This month, my landlord will install new energy-efficient windows in my apartment. This is great news: Better insulation will reduce both my energy use and my heating bills. I'm happy to be experiencing first-hand what many agree is the single most-important step in the fight against global warming: eco-friendly building upgrades and weatherization.
In this country, commercial and residential buildings account for nearly 40 percent of total energy use, according to the US Department of Energy. It behooves us, then, to take all possible steps toward reducing that consumption, whether through small steps (replacing lightbulbs) or large (installing a new heating or cooling systems).
There are many local examples that suggest Maine is taking the energy-efficiency movement seriously.
• The state used some Recovery Act stimulus money to launch the YOUNG MAINERS WEATHERIZATION CORPS, a program that's training approximately 60 young people between 18 and 24 to retrofit the state's ancient housing stock.
• In July, HANNAFORD OPENED A NEW STORE in Augusta, which it branded "a one-of-a-kind learning laboratory for environmental gains." In addition to a new focus on natural and organic products (clearly an attempt to position itself somewhere between elitist Whole Foods and generic Wal-Mart), the store employs a solar-panel array, a new refrigeration system that uses 50 percent less energy than its predecessor, and a reclaimed building site (in the footprint of the former Cony High School building).
• The Acadia heating and cooling system, manufactured by Hallowell International in Bangor, made this year's Sustainable Industries Top 10 Green Building Products. The HEAT PUMP, which runs on electricity and uses a patented compressor that allows it to work without relying on a back-up heat source, uses about 30 percent less energy than a standard heating system. It is similar in efficiency to a geothermal heat pump, but costs less. And it can be used for businesses or homes. (Other products on the list were the "Inspire Wall," which uses the sun to heat trapped air behind an aluminum panel; the "Separett Villa," a urine-diverting composting toilet; and "Serious Windows," which are so effective that they can cut a building's energy costs by 50 percent — and which my landlord won't use, sadly.)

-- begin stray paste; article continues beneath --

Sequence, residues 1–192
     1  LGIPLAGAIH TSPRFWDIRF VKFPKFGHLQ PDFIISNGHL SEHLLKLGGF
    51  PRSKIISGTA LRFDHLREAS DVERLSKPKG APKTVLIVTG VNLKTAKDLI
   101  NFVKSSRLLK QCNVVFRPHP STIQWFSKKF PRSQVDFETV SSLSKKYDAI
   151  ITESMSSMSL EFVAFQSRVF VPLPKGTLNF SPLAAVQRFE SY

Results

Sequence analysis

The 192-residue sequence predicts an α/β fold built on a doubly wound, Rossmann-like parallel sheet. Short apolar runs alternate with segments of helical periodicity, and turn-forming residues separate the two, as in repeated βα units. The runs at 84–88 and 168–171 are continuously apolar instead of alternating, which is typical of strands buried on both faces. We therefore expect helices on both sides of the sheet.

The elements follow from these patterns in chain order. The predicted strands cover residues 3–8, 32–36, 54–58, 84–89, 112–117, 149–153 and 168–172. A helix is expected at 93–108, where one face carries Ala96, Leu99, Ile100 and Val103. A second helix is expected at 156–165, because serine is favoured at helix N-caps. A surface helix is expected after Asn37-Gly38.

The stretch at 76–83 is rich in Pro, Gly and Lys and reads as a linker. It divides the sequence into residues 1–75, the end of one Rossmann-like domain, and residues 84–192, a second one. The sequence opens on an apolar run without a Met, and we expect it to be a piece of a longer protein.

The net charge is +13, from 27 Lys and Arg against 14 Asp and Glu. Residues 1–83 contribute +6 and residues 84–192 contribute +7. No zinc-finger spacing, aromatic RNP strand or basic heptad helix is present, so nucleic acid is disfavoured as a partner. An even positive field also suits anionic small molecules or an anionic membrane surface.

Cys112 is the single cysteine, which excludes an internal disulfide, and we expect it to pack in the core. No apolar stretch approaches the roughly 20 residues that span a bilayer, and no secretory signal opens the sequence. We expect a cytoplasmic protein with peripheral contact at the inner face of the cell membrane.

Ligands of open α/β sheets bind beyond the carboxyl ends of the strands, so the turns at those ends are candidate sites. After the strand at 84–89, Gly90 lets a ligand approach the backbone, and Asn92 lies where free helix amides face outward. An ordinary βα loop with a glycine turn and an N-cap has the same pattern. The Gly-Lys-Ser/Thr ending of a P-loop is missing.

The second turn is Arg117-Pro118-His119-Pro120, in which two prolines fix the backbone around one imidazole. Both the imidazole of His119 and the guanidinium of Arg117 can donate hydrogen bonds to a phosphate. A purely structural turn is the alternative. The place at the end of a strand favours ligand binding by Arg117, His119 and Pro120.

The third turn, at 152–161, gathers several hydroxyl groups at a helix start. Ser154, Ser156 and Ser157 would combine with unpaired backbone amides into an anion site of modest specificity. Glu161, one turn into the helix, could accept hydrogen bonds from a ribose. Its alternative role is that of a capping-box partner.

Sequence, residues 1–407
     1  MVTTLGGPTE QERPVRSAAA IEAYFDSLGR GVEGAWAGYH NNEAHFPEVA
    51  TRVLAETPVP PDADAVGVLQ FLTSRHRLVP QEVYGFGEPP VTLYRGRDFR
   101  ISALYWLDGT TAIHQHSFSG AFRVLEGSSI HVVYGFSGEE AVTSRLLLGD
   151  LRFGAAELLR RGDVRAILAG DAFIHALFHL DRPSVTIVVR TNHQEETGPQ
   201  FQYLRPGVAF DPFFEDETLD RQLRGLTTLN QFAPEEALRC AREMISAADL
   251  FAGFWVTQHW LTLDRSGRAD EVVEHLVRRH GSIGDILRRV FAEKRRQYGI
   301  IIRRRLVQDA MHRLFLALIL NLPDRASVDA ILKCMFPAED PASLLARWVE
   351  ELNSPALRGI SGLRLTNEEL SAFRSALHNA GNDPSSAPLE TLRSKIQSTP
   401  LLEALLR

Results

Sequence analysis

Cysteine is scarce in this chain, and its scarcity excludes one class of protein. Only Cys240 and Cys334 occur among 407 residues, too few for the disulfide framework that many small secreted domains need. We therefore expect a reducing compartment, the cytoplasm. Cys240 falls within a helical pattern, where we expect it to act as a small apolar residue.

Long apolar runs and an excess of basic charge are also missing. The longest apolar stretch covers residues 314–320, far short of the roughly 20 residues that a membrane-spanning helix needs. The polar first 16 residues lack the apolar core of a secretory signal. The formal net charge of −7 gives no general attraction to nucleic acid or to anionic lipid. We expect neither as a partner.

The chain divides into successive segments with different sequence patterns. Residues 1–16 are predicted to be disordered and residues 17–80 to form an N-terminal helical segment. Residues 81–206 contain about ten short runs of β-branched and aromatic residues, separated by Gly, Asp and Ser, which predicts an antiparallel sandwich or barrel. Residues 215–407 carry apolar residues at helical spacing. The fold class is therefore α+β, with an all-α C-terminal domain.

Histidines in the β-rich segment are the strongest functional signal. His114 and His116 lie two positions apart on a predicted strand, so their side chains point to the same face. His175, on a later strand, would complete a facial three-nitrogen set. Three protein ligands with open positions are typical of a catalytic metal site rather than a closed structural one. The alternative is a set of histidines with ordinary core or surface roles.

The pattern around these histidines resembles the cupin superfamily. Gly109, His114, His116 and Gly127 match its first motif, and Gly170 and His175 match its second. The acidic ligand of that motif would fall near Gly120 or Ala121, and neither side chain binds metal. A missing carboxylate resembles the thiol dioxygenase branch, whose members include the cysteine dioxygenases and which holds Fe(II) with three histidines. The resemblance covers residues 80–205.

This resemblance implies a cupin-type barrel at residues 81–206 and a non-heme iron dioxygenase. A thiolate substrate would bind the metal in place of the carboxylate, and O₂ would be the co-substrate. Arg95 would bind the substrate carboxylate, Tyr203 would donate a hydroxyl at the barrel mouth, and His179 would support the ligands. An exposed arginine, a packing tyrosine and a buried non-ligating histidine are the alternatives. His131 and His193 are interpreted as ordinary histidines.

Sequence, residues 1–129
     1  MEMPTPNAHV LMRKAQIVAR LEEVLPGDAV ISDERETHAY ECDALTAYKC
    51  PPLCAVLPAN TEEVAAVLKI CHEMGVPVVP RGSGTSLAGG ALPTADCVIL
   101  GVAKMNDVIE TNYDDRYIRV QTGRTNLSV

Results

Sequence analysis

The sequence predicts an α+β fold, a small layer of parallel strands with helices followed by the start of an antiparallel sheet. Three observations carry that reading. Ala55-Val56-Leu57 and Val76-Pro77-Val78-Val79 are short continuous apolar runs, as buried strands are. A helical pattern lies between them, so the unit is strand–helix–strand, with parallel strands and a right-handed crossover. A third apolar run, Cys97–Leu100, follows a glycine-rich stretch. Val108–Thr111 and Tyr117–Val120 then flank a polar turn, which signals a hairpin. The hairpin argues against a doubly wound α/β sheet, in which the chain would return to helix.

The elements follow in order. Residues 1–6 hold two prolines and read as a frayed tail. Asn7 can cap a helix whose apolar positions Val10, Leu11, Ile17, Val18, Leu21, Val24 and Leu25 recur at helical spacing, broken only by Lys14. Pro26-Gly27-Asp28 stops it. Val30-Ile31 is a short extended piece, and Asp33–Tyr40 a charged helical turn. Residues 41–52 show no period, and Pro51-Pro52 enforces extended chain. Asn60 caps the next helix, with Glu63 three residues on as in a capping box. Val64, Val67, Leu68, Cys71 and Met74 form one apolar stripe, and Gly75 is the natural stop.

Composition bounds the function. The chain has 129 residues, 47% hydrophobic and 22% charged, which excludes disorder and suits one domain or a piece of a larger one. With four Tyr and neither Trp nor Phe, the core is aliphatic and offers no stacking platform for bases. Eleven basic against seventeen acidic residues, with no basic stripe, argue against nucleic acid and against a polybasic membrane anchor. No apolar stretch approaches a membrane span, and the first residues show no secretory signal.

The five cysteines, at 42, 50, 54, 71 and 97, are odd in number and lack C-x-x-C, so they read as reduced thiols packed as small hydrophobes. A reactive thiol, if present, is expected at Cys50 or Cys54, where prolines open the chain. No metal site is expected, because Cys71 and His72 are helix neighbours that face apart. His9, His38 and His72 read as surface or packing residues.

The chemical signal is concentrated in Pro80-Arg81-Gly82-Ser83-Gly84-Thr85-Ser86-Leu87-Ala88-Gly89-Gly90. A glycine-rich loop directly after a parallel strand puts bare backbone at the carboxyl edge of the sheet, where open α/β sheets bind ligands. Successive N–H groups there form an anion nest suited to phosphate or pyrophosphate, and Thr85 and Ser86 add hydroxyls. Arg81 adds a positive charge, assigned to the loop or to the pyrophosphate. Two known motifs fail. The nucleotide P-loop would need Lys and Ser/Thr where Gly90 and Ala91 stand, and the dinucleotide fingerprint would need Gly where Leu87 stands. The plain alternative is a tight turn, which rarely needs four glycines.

• Last month, a 43-UNIT APARTMENT BUILDING opened at 53 Danforth Street in downtown Portland. It's billing itself as an eco-friendly establishment — solar panels, motion-sensing lights, and a $40-per-month rent reduction for tenants who don't have cars. This building, too, makes use of a site that previously held a different structure. The complex sits where a one-story parking garage used to; it's safe to say that this is a smarter use. MaineHousing provided a $2 million tax credit, a $1.65 million subsidy, and a $3 million loan for the project, according to Governor John Baldacci's office.
• Speaking of MaineHousing, the state agency announced back in January that it would dedicate $2 million toward WEATHERIZING 425 HOMES in Maine. It's far surpassed that goal; MaineHousing spokesman Peter Merrill says approximately 1050 homes have been retrofitted so far.
• Even without state weatherization money, generous (smart) landlords, or Inspire Walls, there are STEPS YOU CAN TAKE to make your building more efficient. (I've mentioned almost all of them before, but they bear repeating.) Replace your electricity-guzzlers with compact fluorescent lightbulbs (lighting accounts for about 10 percent of energy costs). Insulate with plastic sheeting during the colder months, if your windows are drafty. Install low-flow showerheads, faucet aerators, and toilet dams (all available for low cost through Portland Water District — pwd.org). Lower the temperature on your hot water heater (water heating accounts for between 15 and 25 percent of home-energy use). Pay attention to how much energy your appliances and electronics use (it's usually about 20 percent).
Deirdre Fulton can be reached at firstname.lastname@example.org.